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SoCal to the Caribbean 27 Sep 2017 21:58 #35

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If you really want data and phone anywhere in the world get a KVH satellite system.

Having the entire internet at your fingertips so tat you can get weather and port information is invaluable.

Having a real phone so you can at least call someone is invaluable.
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SoCal to the Caribbean 27 Sep 2017 22:24 #36

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aluxury1 wrote: You will miss the Superbowl.......


Not a loss there....

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Boatless at this time

A veteran is someone who, at one point in their life, wrote a blank check made payable to "The United States of America," for an amount of "up to and including their life."

SoCal to the Caribbean 27 Sep 2017 22:34 #37

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kev_rm wrote:
I did add an inreach to my tool box,.


If this is the Delorme or Garmin (Garmin bought Delorme) inReach then they us the Iridium satellite system. (if it is the Inreach you can link it to the Earthmate app and use the InReach to send texts anywhere)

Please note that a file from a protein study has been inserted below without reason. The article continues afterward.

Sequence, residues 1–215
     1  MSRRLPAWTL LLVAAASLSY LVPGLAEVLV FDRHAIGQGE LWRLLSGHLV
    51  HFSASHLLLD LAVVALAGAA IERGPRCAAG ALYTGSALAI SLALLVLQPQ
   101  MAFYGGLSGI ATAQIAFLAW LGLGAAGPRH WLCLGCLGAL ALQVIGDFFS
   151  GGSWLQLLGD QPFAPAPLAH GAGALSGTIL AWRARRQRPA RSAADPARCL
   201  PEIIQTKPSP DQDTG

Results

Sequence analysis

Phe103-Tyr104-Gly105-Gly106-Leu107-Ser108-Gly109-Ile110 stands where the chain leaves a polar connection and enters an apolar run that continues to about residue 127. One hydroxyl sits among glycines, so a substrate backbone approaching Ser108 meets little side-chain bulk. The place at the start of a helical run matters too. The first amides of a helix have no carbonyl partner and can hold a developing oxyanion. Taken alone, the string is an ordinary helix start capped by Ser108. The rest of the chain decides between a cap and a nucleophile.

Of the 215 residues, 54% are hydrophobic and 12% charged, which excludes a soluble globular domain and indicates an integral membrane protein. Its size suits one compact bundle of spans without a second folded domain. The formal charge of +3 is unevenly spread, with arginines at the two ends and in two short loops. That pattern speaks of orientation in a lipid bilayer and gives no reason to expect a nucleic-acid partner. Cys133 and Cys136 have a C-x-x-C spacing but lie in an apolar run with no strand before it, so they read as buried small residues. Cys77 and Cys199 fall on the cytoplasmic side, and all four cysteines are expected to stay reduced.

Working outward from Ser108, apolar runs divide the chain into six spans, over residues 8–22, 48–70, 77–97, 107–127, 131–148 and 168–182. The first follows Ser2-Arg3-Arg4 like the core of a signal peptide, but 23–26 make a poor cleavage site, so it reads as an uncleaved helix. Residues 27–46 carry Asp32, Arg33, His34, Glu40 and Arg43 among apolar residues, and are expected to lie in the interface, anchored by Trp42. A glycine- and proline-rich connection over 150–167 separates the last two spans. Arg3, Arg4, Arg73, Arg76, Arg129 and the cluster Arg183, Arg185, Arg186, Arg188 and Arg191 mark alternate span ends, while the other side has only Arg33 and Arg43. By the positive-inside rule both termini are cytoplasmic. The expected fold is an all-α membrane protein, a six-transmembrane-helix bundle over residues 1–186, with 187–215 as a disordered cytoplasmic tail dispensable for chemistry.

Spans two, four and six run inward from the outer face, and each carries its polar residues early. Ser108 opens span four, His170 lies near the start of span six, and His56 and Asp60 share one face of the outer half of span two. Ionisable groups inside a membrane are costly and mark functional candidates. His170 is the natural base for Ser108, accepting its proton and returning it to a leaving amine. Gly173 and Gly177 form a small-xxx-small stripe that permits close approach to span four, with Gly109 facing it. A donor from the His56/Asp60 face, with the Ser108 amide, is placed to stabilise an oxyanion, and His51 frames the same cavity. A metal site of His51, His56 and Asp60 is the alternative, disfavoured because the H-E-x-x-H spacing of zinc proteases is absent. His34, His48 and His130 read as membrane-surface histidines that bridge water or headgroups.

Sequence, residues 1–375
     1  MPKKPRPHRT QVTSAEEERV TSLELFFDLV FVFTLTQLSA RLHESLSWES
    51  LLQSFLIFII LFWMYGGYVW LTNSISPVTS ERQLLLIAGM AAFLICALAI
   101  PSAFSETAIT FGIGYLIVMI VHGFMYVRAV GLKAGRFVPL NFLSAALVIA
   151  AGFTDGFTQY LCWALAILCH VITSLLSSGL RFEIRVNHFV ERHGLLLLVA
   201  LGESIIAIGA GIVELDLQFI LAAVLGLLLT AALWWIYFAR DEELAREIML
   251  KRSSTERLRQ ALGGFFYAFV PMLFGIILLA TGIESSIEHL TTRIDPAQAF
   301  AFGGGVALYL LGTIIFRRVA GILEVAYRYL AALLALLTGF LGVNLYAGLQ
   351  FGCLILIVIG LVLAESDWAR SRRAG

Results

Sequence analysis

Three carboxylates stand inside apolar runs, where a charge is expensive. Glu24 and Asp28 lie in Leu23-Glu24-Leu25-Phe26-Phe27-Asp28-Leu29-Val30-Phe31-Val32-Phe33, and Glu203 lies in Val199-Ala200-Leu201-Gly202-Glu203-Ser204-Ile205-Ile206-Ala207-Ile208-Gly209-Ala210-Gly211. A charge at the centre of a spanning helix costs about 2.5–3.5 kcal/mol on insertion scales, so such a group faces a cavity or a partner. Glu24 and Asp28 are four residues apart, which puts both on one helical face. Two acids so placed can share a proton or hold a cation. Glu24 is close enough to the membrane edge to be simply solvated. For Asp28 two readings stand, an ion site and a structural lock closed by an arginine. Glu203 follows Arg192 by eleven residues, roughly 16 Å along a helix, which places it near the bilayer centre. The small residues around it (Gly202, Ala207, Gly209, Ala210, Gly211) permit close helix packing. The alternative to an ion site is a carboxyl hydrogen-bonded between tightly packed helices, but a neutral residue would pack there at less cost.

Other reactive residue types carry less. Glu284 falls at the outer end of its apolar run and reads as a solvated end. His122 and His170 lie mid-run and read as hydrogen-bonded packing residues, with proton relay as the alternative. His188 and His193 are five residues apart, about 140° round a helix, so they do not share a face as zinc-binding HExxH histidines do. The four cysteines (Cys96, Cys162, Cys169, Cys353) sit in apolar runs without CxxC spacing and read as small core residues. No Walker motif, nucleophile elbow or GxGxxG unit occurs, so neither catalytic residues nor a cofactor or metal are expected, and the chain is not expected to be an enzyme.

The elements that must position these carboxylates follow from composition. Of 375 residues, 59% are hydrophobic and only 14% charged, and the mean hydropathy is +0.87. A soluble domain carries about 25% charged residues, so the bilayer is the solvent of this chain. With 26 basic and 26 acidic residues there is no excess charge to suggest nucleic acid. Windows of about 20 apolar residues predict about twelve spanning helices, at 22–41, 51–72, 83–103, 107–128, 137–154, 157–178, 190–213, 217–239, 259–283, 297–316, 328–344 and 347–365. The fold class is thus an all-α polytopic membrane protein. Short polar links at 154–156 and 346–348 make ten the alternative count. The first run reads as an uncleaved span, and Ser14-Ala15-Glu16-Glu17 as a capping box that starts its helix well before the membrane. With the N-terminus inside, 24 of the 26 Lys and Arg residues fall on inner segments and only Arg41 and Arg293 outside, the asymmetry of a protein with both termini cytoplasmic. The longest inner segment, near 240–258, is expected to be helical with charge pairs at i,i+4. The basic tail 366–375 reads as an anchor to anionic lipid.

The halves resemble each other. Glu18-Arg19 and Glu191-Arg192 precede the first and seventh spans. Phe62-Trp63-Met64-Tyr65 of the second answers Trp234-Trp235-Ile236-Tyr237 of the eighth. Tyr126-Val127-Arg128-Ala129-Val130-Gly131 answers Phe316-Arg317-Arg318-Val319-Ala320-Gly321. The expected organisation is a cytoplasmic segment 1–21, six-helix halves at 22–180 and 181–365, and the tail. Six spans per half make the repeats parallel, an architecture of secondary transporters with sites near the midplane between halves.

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Boatless at this time

A veteran is someone who, at one point in their life, wrote a blank check made payable to "The United States of America," for an amount of "up to and including their life."

SoCal to the Caribbean 28 Sep 2017 00:57 #38

  • Alan Teed
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Thanks Jim, and others. I guess I did not understand what "an inreach to my toolbox" meant :) :)

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Alan Teed
MOONDANCE
'94 4788
Gig Harbor, WA
Previously:
2006 Hylas 49' blowboat
Bayliner 2855
1977 Cal 34' blowboat
1981 Hunter 33' blowboat
Experience: Sail 50 years, Motor 15 years. 2 Transats, 1 Baltimore-Virgin Islands, 6 Months cruising Caribbean, 3.5 years cruising Med.